The Truth About Accountability

Apr 26, 2004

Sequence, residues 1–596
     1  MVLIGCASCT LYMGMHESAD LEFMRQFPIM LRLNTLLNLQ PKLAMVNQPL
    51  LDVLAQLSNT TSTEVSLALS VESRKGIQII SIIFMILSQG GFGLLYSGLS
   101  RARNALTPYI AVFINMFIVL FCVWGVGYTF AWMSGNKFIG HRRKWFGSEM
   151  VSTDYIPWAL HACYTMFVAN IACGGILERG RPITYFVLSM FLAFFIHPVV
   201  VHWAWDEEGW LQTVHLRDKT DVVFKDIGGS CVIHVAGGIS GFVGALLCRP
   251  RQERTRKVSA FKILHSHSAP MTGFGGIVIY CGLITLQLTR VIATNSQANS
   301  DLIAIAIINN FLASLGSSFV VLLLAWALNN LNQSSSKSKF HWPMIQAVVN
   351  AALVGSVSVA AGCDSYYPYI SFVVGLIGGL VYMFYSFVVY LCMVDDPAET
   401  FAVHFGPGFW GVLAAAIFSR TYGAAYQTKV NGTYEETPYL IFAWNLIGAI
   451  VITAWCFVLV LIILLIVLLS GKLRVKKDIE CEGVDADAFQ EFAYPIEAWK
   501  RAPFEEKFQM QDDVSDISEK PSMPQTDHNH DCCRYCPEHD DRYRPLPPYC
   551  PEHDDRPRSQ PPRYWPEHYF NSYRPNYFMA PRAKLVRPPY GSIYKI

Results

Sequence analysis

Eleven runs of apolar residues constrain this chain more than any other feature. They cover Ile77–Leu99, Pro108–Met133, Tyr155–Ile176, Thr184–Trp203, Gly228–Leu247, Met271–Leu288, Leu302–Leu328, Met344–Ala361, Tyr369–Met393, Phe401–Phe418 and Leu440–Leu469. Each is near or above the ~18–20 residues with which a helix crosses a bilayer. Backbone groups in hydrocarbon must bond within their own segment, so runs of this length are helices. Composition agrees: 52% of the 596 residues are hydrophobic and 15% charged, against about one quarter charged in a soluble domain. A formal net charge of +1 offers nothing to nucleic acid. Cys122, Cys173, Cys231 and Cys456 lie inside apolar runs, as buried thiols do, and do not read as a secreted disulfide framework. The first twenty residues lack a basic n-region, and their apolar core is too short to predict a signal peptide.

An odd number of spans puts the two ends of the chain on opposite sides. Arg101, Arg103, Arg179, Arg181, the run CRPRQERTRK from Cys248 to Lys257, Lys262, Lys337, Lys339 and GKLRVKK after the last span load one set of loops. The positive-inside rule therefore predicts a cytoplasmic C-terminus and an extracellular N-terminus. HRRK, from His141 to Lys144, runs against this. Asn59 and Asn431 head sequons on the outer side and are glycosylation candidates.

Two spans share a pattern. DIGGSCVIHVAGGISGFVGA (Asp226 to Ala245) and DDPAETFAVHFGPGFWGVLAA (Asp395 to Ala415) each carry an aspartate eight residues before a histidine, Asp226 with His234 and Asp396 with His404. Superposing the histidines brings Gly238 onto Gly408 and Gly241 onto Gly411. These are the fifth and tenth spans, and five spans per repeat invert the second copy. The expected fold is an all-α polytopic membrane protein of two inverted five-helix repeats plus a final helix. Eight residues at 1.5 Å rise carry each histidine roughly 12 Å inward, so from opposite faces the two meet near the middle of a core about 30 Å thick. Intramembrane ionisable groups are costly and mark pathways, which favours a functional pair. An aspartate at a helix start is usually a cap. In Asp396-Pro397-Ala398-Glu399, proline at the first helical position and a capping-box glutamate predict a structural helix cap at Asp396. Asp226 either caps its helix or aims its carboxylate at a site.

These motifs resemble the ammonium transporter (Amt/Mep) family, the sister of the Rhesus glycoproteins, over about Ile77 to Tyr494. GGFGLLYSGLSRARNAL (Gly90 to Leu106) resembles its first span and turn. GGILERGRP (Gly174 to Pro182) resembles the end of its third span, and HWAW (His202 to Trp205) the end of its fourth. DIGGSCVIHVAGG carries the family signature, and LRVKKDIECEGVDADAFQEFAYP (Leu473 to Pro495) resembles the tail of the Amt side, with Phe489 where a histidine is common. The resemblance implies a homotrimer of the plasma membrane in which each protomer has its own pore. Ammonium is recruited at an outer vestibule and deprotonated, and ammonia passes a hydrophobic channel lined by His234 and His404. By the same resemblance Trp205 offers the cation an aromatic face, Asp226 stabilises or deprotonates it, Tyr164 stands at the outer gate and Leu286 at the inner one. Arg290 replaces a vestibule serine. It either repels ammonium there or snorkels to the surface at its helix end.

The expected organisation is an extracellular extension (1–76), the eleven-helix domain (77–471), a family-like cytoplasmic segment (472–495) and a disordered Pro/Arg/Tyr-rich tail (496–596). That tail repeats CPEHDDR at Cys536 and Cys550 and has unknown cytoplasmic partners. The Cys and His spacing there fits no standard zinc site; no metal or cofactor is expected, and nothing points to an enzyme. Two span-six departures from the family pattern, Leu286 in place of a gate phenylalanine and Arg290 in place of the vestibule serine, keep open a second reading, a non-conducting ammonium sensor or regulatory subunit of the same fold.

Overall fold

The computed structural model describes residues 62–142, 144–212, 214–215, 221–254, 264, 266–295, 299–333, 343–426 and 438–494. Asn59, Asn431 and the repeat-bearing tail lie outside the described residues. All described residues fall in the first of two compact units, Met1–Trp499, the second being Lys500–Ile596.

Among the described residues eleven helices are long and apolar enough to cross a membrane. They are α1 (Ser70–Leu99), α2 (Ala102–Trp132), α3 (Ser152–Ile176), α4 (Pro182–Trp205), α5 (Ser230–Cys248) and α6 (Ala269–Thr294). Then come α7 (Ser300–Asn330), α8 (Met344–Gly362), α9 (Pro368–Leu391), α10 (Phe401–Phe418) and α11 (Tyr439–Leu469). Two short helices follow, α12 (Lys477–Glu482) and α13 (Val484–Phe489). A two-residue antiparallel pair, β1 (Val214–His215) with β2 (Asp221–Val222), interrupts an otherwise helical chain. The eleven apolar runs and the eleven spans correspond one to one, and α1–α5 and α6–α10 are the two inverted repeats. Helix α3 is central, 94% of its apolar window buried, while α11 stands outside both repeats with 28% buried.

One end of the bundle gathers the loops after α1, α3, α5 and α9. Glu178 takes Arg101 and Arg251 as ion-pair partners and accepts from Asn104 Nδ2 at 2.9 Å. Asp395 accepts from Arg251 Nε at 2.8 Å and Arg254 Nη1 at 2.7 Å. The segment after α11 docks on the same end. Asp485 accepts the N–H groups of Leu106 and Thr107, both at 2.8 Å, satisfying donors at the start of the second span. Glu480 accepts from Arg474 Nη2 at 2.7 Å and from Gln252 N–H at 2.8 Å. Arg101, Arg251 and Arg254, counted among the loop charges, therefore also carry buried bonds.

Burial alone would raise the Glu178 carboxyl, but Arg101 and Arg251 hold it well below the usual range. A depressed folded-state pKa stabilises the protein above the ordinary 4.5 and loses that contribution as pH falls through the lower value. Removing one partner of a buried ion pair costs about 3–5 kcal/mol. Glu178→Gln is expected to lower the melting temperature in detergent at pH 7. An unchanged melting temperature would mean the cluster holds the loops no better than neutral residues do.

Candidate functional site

It’s one of those certainties, like death and taxes. Managers are supposed to hold those who work for them accountable to reaching certain goals or achieving certain performance metrics. It sounds good to say, “I am a manager. I hold others accountable for their performance. THAT is what I, as a MANAGER, am SUPPOSED to do.” It’s easy to hold people accountable if their role is to sell encyclopedias door-to-door or to make so many widgets per hour. You either hit your numbers or you don’t. But when it comes to A/E and environmental firms, instilling accountability is, like many other aspects of management, not quite so simple. Here are four questions that must be answered, sequentially, if accountability is going to mean something more than just a word that management junkies amongst our ranks bandy about: Can someone really be held accountable for something? This is the first question that must be answered satisfactorily, and is one of the big reasons that accountability is a joke in firms in this business. For example, if a project manager is supposed to be held accountable for meeting certain quality standards on a complex multi-discipline project, and no one on the project team was picked by the PM for the job, nor do any of them actually report to the PM on a permanent basis, how can the PM be responsible for controlling their performance? They can’t. Or how about the marketing director and the marketing budget— can he or she be held accountable for staying within it if anyone in the firm is allowed to charge their time to marketing whenever they want to? I think not. Being able to honestly answer this first question with a “yes” is essential to any attempts to get employees feeling more accountable for their performance. What exactly are you going to measure and how can you measure it? This is another important question. Take my first example of the PM on a complex multi-discipline project being held accountable for quality. What is the measure of quality? Is it the amount of money spent on rework after the job has gone to the printer? Is it the claims that eventually result on the job? Or is it the end users of the project and their responses to a specific questionnaire that goes out to all clients of the firm? These measurements must be established, consistently collected, and reliable for accountability to mean anything at all beyond being a feel-good buzzword for engineers who acquired their MBAs later in life. Who gets to see the performance results? So, we have established that the person can be held accountable for doing something, and we are measuring their results to see if it’s actually happening. Who gets to see that information is the next question that has to be answered. And as far as I am concerned, in general, “The more, the merrier,” is my response. There’s a big problem when only the boss and the employee themselves see how the employee is doing. The boss may not care that the employee is underperforming. That makes it easy for the manager to not hold the employee accountable. But it’s much harder to shirk that responsibility when everyone else in the firm sees how all individuals are doing compared to each other. This actually makes the boss’s job easier, though they don’t all see it that way! What happens to those who don’t measure up? So, we have decided that we can hold someone accountable for something, we are measuring it, and reporting to the whole firm on how well they do. But that doesn’t mean the numbers look good! What happens to those with a bad scorecard is critical for this accountability stuff to mean anything. The bottom line is that they either need to be confronted and helped or simply helped out the door. Management has to close the loop. Without this step, all of the gains toward instilling a culture of accountability accomplished by answering the first three questions go out the window. There must be consequences. And, once again, A/E firms have a problem here. We seek to avoid confrontation. The whole issue makes many of our managers uncomfortable. Maybe now is the time to finally get honest with ourselves about accountability. What do you think? Originally published 4/26/2004

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